Dear friends,

because he is not really wanted anywhere, Mr. C. comes to sleep every night to our church, where he puts up in a small room. Very often we find him disoriented and in different arrays of outfits; unshaven and smelly, too. The house, we, the Jesuit Community, live in, has just been renovated and sparkles white and clean. So it came, that one evening we were taken aback, when Mr. C. suddenly stuck his head into our common room on the 2nd floor, reminding us, that we need to unlock for him the room at the church.

Surely you remember the story of the poor Lazarus, laying at the door-step of the rich man (Luke, 16: 19 - 31). Year after year he was right there, sick and impoverished and the rich man would not take any notice of him, he was not even touched by his misery.

What do we do, then? If poor man Lazarus and his brothers and sisters, all poor, do no longer contend themselves laying at our door-steps, but just enter into our house? When they peer into our comfort and start questioning us about our wealth? What then? Or if they just break down our locked doors, our protective walls? Unheard of? Boldly, unashamed? We may be shaken.

The picture I chose for this Christmas may appear strange to you. A child, naked (or a man?), black, holding a shepherd's crozier, crowned by the stars of the universe and surrounded by floods of waters. Is this to be a Christmas picture? Yes, it is!

May be Christmas 2007 our God made human, Christ Jesus, wants us to recognize him in the many African boat refugees, who try to escape hunger, misery, endless wars, lack of medical facilities, exploitation and failed harvests. They wash ashore in Greece, Malta, Italy, Spain, just at our European "door-step". And they come hungry, disheartened, freezing ... some have drowned and some bodies are bloated in death. However, they risked everything just to find something which was better than that from where they had came from.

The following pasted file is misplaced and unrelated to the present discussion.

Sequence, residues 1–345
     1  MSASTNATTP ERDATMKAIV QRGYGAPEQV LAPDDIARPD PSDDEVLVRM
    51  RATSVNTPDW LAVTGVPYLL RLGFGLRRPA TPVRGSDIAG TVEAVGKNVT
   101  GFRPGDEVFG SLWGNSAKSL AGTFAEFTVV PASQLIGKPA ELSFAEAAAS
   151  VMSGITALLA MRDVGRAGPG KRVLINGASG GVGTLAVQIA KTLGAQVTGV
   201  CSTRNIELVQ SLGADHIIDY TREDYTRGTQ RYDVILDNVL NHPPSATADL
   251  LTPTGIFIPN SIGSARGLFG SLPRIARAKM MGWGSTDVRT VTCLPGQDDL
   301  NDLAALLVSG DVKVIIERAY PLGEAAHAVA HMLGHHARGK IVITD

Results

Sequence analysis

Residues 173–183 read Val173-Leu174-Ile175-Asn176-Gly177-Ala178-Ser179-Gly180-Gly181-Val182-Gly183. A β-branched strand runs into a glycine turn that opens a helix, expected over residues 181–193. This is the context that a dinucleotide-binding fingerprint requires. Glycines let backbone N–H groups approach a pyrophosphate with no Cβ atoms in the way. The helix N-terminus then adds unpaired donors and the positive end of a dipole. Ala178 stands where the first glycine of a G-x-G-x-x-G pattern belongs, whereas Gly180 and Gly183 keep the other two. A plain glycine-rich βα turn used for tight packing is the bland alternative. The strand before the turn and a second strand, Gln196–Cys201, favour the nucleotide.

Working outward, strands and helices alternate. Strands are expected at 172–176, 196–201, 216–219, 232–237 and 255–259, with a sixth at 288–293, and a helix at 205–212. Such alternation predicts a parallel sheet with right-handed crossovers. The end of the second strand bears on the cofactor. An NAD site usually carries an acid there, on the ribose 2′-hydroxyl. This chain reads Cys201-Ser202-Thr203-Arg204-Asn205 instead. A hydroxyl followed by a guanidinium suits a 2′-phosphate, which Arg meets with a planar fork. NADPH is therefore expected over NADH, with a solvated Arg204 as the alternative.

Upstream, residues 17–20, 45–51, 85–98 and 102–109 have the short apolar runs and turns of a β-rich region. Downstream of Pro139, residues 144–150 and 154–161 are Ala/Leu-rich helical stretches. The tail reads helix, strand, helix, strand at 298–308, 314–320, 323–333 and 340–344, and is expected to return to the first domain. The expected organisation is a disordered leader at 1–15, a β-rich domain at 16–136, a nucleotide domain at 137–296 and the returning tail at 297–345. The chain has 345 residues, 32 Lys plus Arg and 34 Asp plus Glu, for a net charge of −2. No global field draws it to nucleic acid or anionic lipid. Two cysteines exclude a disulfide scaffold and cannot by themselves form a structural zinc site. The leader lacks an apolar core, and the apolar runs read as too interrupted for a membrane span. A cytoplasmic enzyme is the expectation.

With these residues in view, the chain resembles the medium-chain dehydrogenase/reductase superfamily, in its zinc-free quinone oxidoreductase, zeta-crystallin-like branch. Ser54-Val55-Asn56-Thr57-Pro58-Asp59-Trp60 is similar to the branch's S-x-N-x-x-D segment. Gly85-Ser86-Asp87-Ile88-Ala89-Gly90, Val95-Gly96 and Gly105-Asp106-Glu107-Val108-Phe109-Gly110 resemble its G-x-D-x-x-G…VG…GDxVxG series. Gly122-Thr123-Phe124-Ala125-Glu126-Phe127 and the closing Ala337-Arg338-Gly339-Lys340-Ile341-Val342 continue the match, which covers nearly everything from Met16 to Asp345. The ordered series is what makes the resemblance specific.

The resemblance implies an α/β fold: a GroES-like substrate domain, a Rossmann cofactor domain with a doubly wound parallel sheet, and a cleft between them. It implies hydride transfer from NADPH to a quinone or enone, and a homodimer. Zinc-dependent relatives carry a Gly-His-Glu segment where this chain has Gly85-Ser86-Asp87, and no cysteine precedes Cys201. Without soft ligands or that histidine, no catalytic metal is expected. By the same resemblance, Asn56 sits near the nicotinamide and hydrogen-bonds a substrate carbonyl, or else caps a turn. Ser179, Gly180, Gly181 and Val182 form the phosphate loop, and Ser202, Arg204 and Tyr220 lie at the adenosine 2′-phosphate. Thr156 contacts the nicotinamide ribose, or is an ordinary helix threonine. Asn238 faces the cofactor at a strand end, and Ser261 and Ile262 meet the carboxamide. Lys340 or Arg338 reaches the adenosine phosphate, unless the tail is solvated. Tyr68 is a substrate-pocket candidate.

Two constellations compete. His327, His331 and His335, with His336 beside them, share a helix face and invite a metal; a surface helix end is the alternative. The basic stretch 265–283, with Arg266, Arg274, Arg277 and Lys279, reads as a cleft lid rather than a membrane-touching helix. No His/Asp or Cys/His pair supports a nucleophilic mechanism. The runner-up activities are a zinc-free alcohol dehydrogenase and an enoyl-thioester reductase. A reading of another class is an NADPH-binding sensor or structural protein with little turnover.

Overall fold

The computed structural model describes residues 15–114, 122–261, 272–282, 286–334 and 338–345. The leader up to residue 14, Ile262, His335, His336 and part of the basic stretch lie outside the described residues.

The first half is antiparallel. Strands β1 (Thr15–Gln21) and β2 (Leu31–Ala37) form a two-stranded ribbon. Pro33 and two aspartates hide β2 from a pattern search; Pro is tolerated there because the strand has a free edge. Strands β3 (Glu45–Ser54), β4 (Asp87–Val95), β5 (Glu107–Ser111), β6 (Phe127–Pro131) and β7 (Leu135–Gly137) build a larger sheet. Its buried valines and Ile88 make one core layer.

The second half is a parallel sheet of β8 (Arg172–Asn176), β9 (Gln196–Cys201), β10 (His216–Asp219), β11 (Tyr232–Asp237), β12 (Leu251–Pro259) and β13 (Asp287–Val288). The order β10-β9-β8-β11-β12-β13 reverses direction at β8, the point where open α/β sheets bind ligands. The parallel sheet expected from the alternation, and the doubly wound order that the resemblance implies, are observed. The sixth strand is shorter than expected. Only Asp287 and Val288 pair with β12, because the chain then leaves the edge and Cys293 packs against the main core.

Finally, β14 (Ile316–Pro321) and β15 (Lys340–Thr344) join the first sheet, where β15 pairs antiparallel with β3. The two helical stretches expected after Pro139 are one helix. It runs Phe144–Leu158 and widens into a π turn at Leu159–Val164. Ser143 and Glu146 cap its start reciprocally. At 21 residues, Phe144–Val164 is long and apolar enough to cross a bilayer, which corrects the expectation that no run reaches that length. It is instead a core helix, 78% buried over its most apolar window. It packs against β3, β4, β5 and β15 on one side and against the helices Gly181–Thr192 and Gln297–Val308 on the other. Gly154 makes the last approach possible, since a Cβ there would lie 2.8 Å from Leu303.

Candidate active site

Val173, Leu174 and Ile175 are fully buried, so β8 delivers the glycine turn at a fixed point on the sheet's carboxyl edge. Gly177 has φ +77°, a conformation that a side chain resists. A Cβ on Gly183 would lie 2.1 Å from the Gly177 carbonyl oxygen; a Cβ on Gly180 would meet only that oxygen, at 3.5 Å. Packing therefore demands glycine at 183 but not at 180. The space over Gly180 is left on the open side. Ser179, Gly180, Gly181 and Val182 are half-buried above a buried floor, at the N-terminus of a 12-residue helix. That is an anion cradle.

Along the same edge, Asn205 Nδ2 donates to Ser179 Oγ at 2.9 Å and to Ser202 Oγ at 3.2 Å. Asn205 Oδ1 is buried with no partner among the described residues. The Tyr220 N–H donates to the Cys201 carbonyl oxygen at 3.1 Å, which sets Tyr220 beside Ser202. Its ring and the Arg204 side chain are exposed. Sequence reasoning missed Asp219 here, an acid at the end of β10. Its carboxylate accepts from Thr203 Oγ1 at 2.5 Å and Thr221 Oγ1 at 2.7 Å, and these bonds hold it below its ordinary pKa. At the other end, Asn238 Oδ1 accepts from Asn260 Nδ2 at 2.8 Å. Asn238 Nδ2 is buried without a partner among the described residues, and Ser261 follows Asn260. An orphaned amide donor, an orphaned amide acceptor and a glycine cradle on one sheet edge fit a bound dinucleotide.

No doubt, they are the poor. While they suffer, some few exploit the mineral wealth of Africa: small cliques who are supported in their greed by western or eastern big brother countries. The poor only are forgotten.

Refugees are human people. They may live illegally in European countries, but they are as humans not "illegal". Migration always existed. Some of my ancestors left Germany at the beginning of the 20th century to settle in the United States of America, because the economic situation at home was precarious. Were they "economic refugees"?

My Christmas this year will be "black": the plight of the refugees cries out to me and has me concerned. In the poor, Christ is born to us; in the poor we encounter him. At the same time he is the Lord of the Universe, he tends to our sorrows, he shepherds the whole of humanity. In this, he gives us an example. That is why he carries the crozier of a shepherd. Stars make his crown: a vulnerable, poor and yet glorious king!

He created us out of nothing: water and minerals form most of our body and of nature. Life is "in flow", yet a fragile gift. But the Lord, our eternal shepherd, wants to guide us; he wants to lead us to green pastures and to fresh, live-giving waters. Where it is good for us to be.

Let us not forget the refugees; wishing you a "black" Christmas
and the bountiful grace of our God made human

Wolf Zanorashe Schmidt S. J.